Logo: Under Armour.
Under Armour made an incredible bet on basketball star Stephen Curry, who is proving to be the ideal athlete for the UA basketball brand, because he's a rising star. Curry's team, the Golden State Warriors, came out of nowhere, with no NBA playoff appearances in the last 40 years, to become one of the hottest teams in the league this year. Under Armour could be on the same track.
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Banking on basketballBasketball is definitely for ballers these days, as athletic companies are paying billions for sponsorship rights to the top players and teams in the league. Under Armour recently lost to Nike in a bid for NBA uniform rights, however, NBA uniforms and other logo'ed apparel are not where the money seems to be in basketball. Branded basketball gear, particularly shoes, is what has made Nike's basketball segment explode. Key sponsored athletes, like Michael Jordan, and the empire of apparel from his legacy, as well as modern players like Kevin Durant and others, have helped Nike to grow to claim an estimated 95% of the U.S. basketball shoe market share.
Under Armour is rushing the court, now, hoping to gain on basketball, too, particularly with shoes. It's using up-and-coming stars who will help push its basketball segment toward $1 billion in revenue. Stephen Curry could be the start of UA's own basketball empire.
Under Armour's underdogsUnder Armour has taken a unique approach in sponsoring athletes, using relatively unknown athletes with stories of fighting through adversity to resonate with its own image as a disruptive force. When these lesser-known or niche athletes make huge wins and suddenly gain the spotlight, UA's investment pays off.
Take Jordan Spieth, for example, the 21-year-old golfer who recently won the PGA Masters. UA first signed Spieth when he was 19 and relatively unknown. Today, it appears the company placed the right bet on Speith, as some analysts predict sales of Under Armour's golf apparel could double in the next three years from $200 million to $400 million.
Stephen Curry is the perfect model for Under Armour's basketball segment. Curry is just 6 feet 3 inches tall and 190 pounds, making him much smaller than most other players on the court with him. He also comes from a small school (Davidson College), and did much less in his early career than his star player opponents like Kobe Bryant.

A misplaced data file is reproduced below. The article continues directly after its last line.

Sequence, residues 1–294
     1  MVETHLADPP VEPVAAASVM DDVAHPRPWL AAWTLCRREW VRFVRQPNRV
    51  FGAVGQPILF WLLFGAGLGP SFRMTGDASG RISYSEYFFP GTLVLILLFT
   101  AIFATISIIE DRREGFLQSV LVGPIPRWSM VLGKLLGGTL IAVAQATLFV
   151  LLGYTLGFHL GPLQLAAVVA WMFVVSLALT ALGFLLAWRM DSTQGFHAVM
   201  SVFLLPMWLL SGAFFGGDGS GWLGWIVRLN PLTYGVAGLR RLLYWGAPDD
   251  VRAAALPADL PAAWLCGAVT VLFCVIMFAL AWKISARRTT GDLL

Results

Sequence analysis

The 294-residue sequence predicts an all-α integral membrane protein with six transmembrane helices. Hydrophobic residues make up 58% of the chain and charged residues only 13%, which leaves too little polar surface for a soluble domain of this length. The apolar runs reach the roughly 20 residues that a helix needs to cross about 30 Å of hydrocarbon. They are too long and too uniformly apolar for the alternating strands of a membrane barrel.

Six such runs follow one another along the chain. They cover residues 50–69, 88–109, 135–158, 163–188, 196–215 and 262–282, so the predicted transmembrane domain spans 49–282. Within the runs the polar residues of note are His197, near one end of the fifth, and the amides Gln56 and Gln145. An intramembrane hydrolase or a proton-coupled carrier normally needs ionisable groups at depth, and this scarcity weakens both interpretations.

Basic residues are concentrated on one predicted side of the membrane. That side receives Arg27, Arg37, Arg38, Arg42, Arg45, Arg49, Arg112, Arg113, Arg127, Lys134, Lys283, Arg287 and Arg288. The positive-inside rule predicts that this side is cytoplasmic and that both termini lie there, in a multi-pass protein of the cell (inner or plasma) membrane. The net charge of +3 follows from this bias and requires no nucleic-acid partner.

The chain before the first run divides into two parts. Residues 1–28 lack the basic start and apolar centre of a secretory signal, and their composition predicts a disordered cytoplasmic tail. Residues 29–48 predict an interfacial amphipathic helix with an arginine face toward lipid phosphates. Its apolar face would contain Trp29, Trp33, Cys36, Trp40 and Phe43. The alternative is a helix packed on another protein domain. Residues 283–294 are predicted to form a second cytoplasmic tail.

Like it did with Spieth, UA recognized something in Curry when they signed him in 2013. That bet paid off as Curry led his team to the NBA finals this year, and won the NBA's MVP award for the 2014-2015 season.
UA's next billion-dollar segmentWhile it's not likely that UA will overtake Nike in basketball shoe sales anytime soon, it does look like the company still has a lot to gain in this segment. Under Armour CEO Kevin Plank said that he wants to build a $1-billion-dollar basketball segment. That's a big goal. Under Armours total footwear net revenue was $161 million for the quarter ended March 31, up 41% year over year.
Under Armour released its newest sponsored shoe, the Curry One, back in February, and the shoe sold out. According to SportsOneSource, UA's basketball shoe sales have already tripled this year.As Curry continues to make huge advances on the court, Under Armour is going to continue to make huge gains in sales. When Q2 earnings are released, we'll get to see just how much this segment has helped UA's bottom line.
Betting on this underdogUnder Armour has a long way to go to try and catch up to Nike, not only in gear sales, but also in sponsorships, as Nike still consistently sponsors the highest-profile athletes in many sports. In basketball, Nike is definitely dominant. But that doesn't mean that Under Armour doesn't have a lot to gain as the underdog. Catching Nike is not the goal... yet.
Right now, UA is focused on making the right bets, and building its brand in the right ways, such as with Stephen Curry. Its basketball segment could reach Plank's $1 billion sooner rather than later if it keeps performing as well as it has been lately.
The article Can Underdogs Like Stephen Curry Help Under Armour Get to a $1 Billion Basketball Brand? originally appeared on Fool.com.
Bradley Seth McNew owns shares of Apple. The Motley Fool recommends Apple, Nike, and Under Armour. The Motley Fool owns shares of Apple, Nike, and Under Armour. Try any of our Foolish newsletter services free for 30 days. We Fools may not all hold the same opinions, but we all believe that considering a diverse range of insights makes us better investors. The Motley Fool has a disclosure policy.
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